Commercialising university R&D: ‘They just distrust each other’
By Karamjit Singh November 21, 2013
- Lack of trust has been built over the years
- Key is to get a business person to head the unit
THE Malaysian Government has for years been trying to get public universities in the country to more effectively commercialise their research and development (R&D), with various programmes and multiple millions dedicated to it.
Since 2003, the Government even began setting up US-inspired Technology Licensing Offices (TLOs) in universities to help bridge the gap between academics and industry, and to make sure that the rights of academics are protected in any collaboration with industry. To no avail, it would seem.
A former academic who became an entrepreneur shared his observation that there was a glaring disconnect between the TLOs and the researchers themselves. “They just distrust each other,” he stated, requesting anonymity.
Under those circumstances, it is no surprise that he has yet to see any successful intellectual property (IP) being commercialised since the time he left academia 10 years ago.
Nor is there the usual hope in the young. When asked if he has observed whether younger researchers were more inclined to work and commercialise their work, he said, “They concentrate on publishing research papers. That guarantees promotion and the path to becoming a professor. Not commercialising IP.”
If that is a particularly grim prognosis of the state of commercialisation in our public universities, then Ahmad Zakir Jaafar (pic), who heads the TLO at University Putra Malaysia (UPM), confirmed some of the observations but also offered some optimism for the future.
He was speaking at the IP Valuation conference hosted by the Intellectual Property Corporation of Malaysia (MyIPO) from Nov 6-7. Just five months into the job, Zakir acknowledged that trust between his office and researchers had eroded over the years due to a host of reasons:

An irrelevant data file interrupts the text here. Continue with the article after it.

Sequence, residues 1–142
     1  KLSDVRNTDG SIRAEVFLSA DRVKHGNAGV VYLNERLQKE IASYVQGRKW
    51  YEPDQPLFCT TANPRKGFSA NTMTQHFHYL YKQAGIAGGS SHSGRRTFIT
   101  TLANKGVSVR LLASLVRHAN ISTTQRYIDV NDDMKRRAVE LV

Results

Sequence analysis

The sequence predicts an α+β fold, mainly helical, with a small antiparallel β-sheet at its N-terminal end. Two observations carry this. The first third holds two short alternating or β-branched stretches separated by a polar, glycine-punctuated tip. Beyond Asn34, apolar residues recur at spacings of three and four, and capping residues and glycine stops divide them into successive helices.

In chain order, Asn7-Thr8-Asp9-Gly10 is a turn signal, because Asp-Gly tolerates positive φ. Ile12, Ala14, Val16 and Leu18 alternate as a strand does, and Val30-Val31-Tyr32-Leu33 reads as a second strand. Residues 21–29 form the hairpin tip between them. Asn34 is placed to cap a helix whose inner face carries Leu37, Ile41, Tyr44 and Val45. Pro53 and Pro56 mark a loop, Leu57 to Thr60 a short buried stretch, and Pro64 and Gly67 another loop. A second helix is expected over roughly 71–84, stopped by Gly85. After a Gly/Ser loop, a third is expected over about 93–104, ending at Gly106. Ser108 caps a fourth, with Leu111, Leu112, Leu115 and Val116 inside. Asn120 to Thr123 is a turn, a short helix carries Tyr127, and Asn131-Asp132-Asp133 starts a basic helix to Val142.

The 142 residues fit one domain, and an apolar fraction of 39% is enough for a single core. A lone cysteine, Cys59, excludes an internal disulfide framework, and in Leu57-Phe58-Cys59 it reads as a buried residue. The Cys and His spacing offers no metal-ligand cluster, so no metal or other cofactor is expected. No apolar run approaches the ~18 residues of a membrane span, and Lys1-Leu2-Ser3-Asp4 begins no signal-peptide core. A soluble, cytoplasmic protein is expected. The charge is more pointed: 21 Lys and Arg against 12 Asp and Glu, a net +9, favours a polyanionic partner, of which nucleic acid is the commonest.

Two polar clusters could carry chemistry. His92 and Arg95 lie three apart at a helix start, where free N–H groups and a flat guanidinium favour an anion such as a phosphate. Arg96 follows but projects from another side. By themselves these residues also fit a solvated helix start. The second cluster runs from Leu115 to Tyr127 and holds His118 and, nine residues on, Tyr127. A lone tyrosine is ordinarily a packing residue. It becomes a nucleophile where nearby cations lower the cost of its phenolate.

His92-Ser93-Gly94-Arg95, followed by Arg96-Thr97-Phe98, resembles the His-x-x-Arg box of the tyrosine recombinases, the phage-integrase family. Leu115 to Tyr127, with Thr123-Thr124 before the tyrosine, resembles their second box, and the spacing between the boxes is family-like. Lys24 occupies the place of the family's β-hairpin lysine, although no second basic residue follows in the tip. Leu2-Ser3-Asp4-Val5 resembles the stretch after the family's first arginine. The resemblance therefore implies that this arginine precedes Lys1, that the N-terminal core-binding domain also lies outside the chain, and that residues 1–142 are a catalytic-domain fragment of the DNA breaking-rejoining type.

The structure and pace of public universities is not geared to the fast pace of the private sector. He gave the example of how the university’s legal department can take up to one month to get a draft agreement approved.
Lack of expertise in TLOs
According to Zakir, the TLO officers, mainly academics, have insufficient experience to be able to proposing different business models, and are still stuck in believing in the direct licensing model.
They shy away from using new methods such as crowdsourcing as a source for funds and getting raw materials.
Not going the extra mile
The TLO staffers do not try hard enough to connect researchers to the various original equipment manufacturers (OEMs) who know the terrain better.
Backseat for commercialisation
Interestingly, it has not been a priority for the public universities to focus on getting technology to market. Many of the TLOs are part of a small office within the department, together with the research grant office and patent office. Many of the TLO officers have overlapping roles too.
Despite the laundry list of woes, Zakir still feels that Malaysian universities can change gear and revive themselves – especially those that employ a business practitioner to head their TLO. He himself has a Masters in Economics and Finance from the UK and has 20 years experience running various businesses and teaches MBA students.
“The mindset from within has to change before the universities can execute any government policy,” he said, adding that UPM has to date filed 1,241 IPs.
Earlier Story: IP management at NUS is no walk in the park
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